We Can Make Better Games
Most gamers will agree- the biggest leap forward in video games was the jump from 2D to 3D graphics. We need another jump. While it’s easy to expect the big three to put a console out with new features every so often, developers should not rely on them to pave the way.
When Bioware released Mass Effect, I had a hard time justifying the purchase. A 3rd person, action/adventure, sci-fi game where Humanity must save the galaxy- haven’t heard that before. It wasn’t until Mass Effect 2 released to a ton of praise that I bought the first, played it and then got the second.
I ended up loving its in-depth, decision-oriented storytelling and out-of-the-box characters. It was a great game! What especially interested me, though, was that Mass Effect 2 would analyze your save data from the first game (provided you kept your save) and the game would change depending on what happened in your save.
Whoa, whoa, whoa, whoa! Whoa! Whoa.
How the crap is that supposed to work? [SPOILER ALERT] I killed off an entire race, sent a couple of major characters to their certain doom and… died at the end!
Bioware made it happen though. My character and every decision I made carried over to ME2 and my game was very different from my friends’. When you think of the possibilities this yields for games- the experience you could get from a series is exponential. It may not be a “huge” jump but this is the kind of thinking that can seriously raise the quality and experience of games.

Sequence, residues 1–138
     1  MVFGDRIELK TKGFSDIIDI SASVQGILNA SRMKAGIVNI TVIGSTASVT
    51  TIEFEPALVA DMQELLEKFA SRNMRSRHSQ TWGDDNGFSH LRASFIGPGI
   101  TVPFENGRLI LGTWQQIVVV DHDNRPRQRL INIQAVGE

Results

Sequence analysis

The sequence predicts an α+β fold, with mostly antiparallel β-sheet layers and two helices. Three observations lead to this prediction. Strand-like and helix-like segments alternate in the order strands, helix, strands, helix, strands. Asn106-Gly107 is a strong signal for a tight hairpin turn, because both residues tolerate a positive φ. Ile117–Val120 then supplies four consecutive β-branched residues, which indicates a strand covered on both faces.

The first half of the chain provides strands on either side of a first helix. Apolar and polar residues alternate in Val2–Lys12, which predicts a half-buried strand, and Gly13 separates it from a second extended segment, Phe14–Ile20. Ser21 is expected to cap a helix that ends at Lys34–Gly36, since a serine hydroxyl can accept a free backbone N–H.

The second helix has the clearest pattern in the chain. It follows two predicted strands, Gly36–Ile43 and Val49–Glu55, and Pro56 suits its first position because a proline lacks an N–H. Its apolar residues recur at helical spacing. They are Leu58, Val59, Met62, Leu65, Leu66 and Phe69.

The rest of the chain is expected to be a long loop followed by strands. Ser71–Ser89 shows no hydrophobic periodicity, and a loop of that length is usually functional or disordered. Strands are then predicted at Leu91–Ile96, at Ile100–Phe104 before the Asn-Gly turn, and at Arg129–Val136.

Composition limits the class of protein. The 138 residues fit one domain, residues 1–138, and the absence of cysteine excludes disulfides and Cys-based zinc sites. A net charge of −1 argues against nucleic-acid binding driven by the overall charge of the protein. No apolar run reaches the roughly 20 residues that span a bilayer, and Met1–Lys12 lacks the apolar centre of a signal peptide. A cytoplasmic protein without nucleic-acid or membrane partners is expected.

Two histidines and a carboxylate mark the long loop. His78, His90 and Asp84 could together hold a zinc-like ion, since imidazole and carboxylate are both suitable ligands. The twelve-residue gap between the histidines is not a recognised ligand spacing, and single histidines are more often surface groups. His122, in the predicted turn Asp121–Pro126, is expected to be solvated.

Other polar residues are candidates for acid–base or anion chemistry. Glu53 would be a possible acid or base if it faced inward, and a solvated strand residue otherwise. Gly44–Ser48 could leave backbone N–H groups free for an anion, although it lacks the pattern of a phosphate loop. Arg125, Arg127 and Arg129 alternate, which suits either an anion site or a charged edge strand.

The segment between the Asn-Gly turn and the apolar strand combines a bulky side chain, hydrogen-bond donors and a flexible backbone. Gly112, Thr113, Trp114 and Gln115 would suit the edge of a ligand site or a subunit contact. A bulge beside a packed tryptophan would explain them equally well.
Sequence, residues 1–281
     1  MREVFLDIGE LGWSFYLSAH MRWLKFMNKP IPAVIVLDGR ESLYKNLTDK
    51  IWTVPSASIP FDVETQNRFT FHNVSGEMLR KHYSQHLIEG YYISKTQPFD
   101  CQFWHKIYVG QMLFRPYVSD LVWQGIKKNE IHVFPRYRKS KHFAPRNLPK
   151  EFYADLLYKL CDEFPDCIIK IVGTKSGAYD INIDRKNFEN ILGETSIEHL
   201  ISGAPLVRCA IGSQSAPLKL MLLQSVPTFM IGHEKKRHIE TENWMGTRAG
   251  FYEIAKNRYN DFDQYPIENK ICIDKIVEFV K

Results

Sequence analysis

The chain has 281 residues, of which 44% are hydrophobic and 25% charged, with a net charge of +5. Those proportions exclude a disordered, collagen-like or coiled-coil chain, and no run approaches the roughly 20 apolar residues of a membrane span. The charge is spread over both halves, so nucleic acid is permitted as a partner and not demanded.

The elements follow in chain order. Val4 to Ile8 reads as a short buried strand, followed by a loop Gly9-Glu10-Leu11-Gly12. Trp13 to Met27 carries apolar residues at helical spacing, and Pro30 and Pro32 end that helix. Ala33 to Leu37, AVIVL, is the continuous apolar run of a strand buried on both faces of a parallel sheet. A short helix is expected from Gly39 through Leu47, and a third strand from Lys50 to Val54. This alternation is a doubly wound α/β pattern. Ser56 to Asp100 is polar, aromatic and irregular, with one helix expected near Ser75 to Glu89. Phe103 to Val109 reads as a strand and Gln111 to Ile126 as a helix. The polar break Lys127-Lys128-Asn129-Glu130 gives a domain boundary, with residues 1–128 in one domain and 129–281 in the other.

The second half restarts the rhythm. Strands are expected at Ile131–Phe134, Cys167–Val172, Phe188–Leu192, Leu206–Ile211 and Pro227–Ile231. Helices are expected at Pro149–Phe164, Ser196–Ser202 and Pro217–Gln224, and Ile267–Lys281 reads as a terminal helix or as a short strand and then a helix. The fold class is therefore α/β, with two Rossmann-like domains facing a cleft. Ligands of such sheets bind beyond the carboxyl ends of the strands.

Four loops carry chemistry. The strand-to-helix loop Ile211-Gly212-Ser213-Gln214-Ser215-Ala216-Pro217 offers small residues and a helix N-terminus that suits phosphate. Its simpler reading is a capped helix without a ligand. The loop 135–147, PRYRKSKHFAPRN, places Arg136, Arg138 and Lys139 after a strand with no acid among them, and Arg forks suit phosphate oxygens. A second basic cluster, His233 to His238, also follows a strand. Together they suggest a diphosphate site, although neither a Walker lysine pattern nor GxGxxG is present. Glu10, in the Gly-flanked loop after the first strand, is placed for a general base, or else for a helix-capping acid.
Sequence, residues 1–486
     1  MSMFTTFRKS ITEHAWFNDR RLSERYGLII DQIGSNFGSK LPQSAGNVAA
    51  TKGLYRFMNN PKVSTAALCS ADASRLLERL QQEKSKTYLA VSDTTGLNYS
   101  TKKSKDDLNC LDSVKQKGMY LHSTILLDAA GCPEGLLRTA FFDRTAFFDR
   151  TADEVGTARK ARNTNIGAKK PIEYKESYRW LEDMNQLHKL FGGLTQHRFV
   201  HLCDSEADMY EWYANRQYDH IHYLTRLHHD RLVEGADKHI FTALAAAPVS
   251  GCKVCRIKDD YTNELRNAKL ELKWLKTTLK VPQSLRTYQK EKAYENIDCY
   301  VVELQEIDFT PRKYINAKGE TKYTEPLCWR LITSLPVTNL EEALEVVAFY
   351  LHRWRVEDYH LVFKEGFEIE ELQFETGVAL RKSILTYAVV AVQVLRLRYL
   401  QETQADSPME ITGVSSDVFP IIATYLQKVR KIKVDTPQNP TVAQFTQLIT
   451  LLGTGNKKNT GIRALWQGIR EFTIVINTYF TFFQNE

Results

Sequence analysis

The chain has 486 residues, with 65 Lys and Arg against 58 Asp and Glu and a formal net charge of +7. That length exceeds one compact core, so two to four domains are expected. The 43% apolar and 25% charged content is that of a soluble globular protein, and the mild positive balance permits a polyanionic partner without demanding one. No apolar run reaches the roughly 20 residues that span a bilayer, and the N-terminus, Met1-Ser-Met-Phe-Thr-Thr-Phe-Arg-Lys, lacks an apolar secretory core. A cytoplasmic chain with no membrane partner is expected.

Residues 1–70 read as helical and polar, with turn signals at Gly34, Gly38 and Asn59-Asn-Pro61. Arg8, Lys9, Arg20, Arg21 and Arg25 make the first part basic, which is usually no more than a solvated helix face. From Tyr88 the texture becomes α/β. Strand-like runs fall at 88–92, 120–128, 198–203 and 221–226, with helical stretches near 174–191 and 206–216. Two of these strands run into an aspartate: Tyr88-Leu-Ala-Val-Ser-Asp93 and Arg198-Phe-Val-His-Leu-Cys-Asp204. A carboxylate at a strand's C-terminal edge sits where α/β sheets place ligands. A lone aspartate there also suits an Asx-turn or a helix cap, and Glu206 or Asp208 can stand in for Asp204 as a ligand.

Innovating is a very difficult thing. It involves predicting the future- giving people what they don’t know they want. How do you do that? I think it starts by eliminating words like “can’t,” “impossible,” and phrases like “won’t work,” “too difficult” and “not enough time.”
Valve developed Steam, what is now the most powerful digital distribution and social media platform for PC Gaming. Blizzard developed its Battle.net infrastructure. The amount of supplemental services and support Bungie has cultivated for its community is just incredible. None of these started out at high caliber but the original thought is what made them.
Better games and better experiences can be made and developers can and should continue to practice this forward thinking in game development.